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One Star, at Last. A Selection of Carols of Our Time
Bo HOLTEN (b. 1948) Nowell Sing We Now* [3’56"]
Steve MARTLAND (b. 1959) Three Carols*: From lands that see the sun arise [2’40"]; Make we joy [2’36"]; There is no Rose of such virtue [4’38"]
Carl RÜTTI (b. 1949) I wonder as I wander*° [2’15"]
Judith WEIR (b. 1954) Illuminare, Jerusalem° [2’28"]
Judith BINGHAM (b. 1952) The Shepherd’s Gift*° [3’44"]
Francis GRIER (b. 1956) Corpus Christi Carol° [3’44"]
Thomas ADÈS (b. 1971) The Fayrfax Carol [4’31"]
Conrad SUSA (b. 1935) The Shepherds Sing° [3’15"]
Jean BELMONT (b. 1939) Nativitas [2’33"]
James MACMILLAN (b. 1959) Seinte Mari Moder Milde° [7’17"]
John TAVENER (b. 1944) Today the Virgin [3’01"]
Jerzy KORNOWICZ (b. 1959) Oczekiwanie (Waiting)* [9’09"]
Richard Rodney BENNETT (b. 1936) Carol* [3’42"]
Peter MAXWELL DAVIES (b. 1934) One star, at last [3’33"]
John HARBISON (b. 1938) O Magnum Mysterium* [2’17"]
Roxanna PANUFNIK (b. 1968) Sleep, little Jesus, sleep° [3’19"]
Howard GOODALL (b. 1958) Romance of the Angels*° [4’32"]
John HARLE (b. 1956) Mrs. Beeton’s Christmas Plum Pudding (average cost: 3 shillings and 6d)* [4’08"]
BBC Singers/Stephen Cleobury.
°Robert Quinney (organ)
rec. Temple Church, London 29-30 June, 6 July 2000 and at Maida Vale Studio 3, London, 3 July 2000
*denotes premier recording
SIGNUM SIGCD067 [77’48"]

This most enterprising disc contains twenty carols by living composers. As you might expect from the list of composers, some of the pieces are challenging to the listener but all are accessible. In my view, with one exception, they all refresh and renew the great Western tradition of Christmas music.

Six of the pieces were commissioned by the BBC and a further four were commissioned for Stephen Cleobury’s "other choir" at King’s College Cambridge. Signum claim that there are no less than eight premier recordings here. Actually, I’m sorry to be pedantic but that’s not quite right. The John Harbison carol has been recorded before, of which more in a moment.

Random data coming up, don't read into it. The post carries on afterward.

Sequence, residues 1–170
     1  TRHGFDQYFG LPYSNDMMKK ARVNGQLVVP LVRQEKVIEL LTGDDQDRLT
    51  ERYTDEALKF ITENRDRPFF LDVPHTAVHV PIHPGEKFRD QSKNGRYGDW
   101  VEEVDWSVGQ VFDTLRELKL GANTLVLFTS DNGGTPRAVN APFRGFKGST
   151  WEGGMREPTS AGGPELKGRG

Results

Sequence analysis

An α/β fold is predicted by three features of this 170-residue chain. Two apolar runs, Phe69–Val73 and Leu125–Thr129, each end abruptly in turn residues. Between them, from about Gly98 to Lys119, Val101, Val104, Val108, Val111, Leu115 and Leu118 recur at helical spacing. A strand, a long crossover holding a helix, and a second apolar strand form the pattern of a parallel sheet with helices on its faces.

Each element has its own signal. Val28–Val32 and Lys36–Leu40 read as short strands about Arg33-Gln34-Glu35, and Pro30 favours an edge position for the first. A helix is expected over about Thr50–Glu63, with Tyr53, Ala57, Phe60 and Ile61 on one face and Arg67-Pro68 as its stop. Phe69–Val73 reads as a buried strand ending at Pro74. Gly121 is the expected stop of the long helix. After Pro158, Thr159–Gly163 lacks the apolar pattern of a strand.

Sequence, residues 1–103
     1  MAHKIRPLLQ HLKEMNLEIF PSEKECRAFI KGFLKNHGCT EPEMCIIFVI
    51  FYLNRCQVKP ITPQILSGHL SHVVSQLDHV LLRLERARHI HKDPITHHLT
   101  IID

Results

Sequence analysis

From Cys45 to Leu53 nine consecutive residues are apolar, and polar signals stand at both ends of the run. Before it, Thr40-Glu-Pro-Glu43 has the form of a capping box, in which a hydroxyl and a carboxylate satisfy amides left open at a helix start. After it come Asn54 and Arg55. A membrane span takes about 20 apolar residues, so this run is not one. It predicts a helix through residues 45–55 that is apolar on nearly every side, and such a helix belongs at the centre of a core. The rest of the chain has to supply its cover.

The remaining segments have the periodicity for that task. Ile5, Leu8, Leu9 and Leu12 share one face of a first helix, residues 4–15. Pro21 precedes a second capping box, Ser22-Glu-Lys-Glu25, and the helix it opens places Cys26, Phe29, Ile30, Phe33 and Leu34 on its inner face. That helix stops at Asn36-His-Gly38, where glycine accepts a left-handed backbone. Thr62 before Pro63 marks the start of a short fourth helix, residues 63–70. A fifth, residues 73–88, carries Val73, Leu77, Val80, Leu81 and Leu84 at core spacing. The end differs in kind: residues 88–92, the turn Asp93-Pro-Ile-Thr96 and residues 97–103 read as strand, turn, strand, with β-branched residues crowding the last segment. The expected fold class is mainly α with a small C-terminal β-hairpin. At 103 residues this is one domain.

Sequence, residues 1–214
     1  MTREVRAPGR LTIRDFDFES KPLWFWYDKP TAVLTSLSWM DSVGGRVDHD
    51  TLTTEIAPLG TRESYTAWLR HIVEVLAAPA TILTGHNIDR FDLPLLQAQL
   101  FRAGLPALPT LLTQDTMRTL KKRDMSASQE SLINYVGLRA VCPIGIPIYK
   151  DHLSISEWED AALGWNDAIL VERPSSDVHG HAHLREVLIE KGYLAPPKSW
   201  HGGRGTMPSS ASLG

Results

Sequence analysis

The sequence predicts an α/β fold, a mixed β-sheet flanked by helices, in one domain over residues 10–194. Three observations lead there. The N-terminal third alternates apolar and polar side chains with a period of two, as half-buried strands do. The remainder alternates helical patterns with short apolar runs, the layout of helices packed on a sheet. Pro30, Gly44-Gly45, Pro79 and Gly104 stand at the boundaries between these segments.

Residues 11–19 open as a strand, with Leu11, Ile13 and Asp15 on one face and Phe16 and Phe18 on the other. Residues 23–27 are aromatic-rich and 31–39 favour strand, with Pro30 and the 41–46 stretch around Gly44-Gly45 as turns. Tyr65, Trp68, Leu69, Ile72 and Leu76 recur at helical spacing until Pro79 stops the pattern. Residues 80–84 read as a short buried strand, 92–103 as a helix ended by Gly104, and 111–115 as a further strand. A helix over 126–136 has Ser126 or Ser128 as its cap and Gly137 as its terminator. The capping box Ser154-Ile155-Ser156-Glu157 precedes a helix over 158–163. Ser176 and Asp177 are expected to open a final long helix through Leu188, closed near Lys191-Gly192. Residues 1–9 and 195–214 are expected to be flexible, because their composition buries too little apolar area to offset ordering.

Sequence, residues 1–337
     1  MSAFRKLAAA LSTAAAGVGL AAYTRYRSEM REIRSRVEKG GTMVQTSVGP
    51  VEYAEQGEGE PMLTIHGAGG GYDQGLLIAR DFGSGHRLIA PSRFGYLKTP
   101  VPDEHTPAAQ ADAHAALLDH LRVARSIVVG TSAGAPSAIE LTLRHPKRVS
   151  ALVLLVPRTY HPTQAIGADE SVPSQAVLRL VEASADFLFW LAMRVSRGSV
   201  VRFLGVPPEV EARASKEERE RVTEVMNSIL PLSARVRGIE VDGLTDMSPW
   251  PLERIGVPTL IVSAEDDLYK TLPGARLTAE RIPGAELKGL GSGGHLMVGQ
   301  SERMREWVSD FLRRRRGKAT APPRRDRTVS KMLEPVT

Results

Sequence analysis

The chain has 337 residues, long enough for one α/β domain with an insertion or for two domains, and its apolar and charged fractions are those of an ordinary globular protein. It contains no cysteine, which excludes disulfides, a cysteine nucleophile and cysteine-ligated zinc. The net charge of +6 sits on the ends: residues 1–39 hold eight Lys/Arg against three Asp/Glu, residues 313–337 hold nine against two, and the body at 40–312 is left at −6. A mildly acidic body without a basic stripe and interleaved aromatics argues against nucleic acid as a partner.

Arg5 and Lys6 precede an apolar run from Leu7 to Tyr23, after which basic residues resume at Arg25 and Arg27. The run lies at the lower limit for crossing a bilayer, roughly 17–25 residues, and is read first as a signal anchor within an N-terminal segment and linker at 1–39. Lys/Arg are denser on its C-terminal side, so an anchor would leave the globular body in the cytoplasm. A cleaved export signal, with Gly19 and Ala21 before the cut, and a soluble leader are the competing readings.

The BBC Singers have a formidable reputation for versatility and astonishingly high standards of choral singing. Everything on this programme both lives up to and enhances this reputation. Stephen Cleobury directs excellent performances and the organ contributions by Robert Quinney are all splendid. Incidentally, though it’s not made clear in the documentation, I assume that it’s the tracks with organ accompaniment that were recorded at the Temple Church. The recorded sound from both venues is first class.

Although the programme consists of twentieth century music it is all perfectly accessible but without any question of dumbing down. It’s fair to say that the concluding items by Howard Goodall and John Harle are lighter in mood and tone but that’s not unwelcome after an otherwise serious recital. Goodall’s piece is delightfully open-hearted. As it says in the succinct notes he "turns Renaissance Spanish sacred words into a choral rumba" and hugely enjoyable it is. The Harle is a harmless and rather witty piece of seasonal fun. I should warn listeners, however, that my review copy had an (invisible) flaw and after around 1’30"was unplayable on two of the three CD players on which I tried it – bizarrely, it worked best in my car!

I was most impressed with the performance of Judith Weir’s very imaginative Illuminare, Jerusalem. I remember hearing the first performance of this a good few years ago from the King’s College Festival of Nine Lessons and Carols. I didn’t understand it then but with more familiarity I’ve come to regard it very highly. I’d go so far as to say this is the finest performance I’ve heard of it. The precision and clarity that the BBC Singers bring to the piece is tremendous. This expertly sung and expertly balanced reading brings out Weir’s startlingly original harmonies and use of rhythm.